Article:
· Water Infrastructure: Critical water infrastructure loan programs under the Water Infrastructure Financing Innovation Authority (WIFIA) Act received $80 million to leverage billions of dollars in investments, such as those underway in Hillsboro, Portland and Gresham. Merkley authored the WIFIA program in 2012, working to ensure public drinking water and wastewater infrastructure are well-maintained to support public health and safety, strong local businesses, population growth, and clean rivers and aquifers. WIFIA was passed into law as part of the 2014 Water Resources Development Act. In total, the bill includes well over $3 billion in loans and grants to support water infrastructure projects.

· Wood Innovation Grants: The bill provides $20 million, a historic funding level, for the WIG program to help encourage the growth of the mass timber economy in Oregon and to find markets to encourage the removal of hazardous fuels from our forests.

· Tribal Programs: In a historic first, the bill includes advanced appropriations for the Indian Health Service next fiscal year, in 2023. Advanced appropriations is a top priority for Indian Country and would protect IHS health care services for over 2.2 million Native Americans from future lapses in appropriations due to government shutdowns, and would provide some budget certainty for the continuity of care during unpredictable budget years. Additionally, the bill provides $18.1 billion for Tribal programs—a significant increase from last fiscal year. The funding includes $7.6 billion for IHS, an increase of $1.38 billion; and $3.9 billion for Bureau of Indian Affairs and Bureau of Indian Education programs, an increase of $433 million.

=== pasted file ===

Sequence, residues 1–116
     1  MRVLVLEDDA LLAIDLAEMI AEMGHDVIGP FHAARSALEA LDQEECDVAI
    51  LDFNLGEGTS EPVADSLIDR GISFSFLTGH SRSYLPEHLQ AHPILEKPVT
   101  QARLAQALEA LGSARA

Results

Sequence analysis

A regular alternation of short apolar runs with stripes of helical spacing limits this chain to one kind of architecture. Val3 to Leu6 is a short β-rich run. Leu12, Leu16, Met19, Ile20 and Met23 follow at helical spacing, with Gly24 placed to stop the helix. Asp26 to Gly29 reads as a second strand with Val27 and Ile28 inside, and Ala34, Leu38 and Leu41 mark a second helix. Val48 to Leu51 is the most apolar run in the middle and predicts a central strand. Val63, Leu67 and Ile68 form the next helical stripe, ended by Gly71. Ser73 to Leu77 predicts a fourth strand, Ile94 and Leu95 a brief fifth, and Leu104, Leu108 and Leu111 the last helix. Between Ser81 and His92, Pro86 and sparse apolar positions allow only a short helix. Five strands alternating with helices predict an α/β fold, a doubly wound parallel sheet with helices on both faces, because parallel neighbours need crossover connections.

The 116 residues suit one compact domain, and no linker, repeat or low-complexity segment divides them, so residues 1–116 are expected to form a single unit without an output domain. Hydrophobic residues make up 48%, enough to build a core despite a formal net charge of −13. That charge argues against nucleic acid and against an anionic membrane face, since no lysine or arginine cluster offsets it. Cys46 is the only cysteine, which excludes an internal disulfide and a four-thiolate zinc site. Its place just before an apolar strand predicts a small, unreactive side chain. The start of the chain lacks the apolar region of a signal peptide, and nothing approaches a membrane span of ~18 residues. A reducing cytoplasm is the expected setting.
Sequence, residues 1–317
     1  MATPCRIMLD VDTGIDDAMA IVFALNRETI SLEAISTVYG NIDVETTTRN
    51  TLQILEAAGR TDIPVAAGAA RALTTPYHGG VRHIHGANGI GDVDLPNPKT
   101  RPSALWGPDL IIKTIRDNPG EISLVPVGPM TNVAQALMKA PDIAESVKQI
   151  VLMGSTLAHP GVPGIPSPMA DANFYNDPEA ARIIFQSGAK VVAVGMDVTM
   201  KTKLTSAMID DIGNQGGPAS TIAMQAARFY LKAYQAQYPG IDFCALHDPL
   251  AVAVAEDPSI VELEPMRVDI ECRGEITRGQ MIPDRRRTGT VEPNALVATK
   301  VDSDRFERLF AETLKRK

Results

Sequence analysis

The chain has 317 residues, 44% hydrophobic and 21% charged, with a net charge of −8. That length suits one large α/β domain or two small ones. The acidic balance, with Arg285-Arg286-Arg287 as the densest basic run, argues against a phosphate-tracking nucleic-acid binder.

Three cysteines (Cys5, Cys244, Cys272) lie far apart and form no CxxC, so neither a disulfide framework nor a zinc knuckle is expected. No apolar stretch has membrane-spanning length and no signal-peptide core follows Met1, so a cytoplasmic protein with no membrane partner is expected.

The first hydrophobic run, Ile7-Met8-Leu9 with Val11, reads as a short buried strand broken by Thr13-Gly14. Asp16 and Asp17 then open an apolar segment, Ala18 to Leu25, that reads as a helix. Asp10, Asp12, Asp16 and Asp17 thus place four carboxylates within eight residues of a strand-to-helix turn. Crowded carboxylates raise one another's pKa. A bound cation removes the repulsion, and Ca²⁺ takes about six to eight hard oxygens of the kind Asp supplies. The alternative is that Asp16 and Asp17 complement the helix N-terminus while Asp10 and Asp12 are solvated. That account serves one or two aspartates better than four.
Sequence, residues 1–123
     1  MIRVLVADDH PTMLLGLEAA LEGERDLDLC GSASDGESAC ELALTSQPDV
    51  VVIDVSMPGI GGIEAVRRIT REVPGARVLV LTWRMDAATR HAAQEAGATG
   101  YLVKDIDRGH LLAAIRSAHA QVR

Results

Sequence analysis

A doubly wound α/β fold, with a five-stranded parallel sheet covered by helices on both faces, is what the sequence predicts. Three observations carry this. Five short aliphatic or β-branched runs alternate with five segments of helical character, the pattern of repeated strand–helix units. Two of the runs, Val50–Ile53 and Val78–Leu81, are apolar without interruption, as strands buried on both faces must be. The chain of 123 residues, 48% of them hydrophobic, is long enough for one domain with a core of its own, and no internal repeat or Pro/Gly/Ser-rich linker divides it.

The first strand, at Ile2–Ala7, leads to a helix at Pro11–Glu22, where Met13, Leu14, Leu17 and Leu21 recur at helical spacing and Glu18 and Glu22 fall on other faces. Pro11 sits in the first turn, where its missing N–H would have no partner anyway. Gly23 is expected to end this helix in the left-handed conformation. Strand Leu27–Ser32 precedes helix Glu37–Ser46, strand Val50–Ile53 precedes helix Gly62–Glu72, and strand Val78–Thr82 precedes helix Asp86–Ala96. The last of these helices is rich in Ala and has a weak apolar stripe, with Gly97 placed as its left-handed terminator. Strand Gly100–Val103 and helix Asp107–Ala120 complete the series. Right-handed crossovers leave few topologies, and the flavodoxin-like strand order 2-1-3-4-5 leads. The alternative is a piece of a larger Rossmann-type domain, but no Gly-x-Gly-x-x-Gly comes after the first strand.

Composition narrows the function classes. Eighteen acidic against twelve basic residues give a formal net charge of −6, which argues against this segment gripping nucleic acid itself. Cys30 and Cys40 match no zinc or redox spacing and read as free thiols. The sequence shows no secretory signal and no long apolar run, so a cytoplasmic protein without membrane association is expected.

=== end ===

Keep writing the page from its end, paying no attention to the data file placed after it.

· Land and Water Conservation Fund: The bill provides $900 million, as required by the Great American Outdoors Act. For over 50 years the program has been the main source of funding for federal land and water acquisitions. Acquiring and protecting public lands not only provides environmental and recreational benefits, but also creates jobs in the tourism, recreation, timber, fishing, and other natural resource sectors.

· Earthquake Preparedness: The bill includes $93 million for the U.S. Geological Survey to support regional earthquake initiatives, including $28.6 million for the West Coast ShakeAlert early warning project. The bill also encourages the USGS to continue the development of a system for Cascadia that will help prepare for and mitigate the negative human and economic impacts of a major seismic event.

“In short, this funding will allow the City of Newberg to be better prepared in the event of an emergency,” said Newberg Mayor Rick Rogers. “We cannot thank Senator Merkley enough for his efforts on behalf of the residents of our community.”

“This is great news for our Yamhill community!” said Yamhill Mayor Yvette Potter. “The citizens of the City of Yamhill were diligent and dedicated to conserving water this summer during the declared State of Emergency Water Restrictions. This generous funding opportunity will support improvements to the aging water treatment plant and increase the water intake levels to better meet water capacity for the City. The City of Yamhill is very grateful to Senator Merkley and the Senate Appropriations Sub Committee for remembering the big needs of small-town communities.”

“We are very encouraged that the recently released Senate Interior Appropriations Bill contains significant funding for the Klamath Basin that will be directed toward addressing fisheries and aquatic resource needs,” said Donald C. Gentry, Chairman of the Klamath Tribes. “We greatly appreciate Senator Merkley and his staff for their work to secure funding needed to address resource problems affecting the Klamath Tribes Treaty resources and Klamath Basin communities.”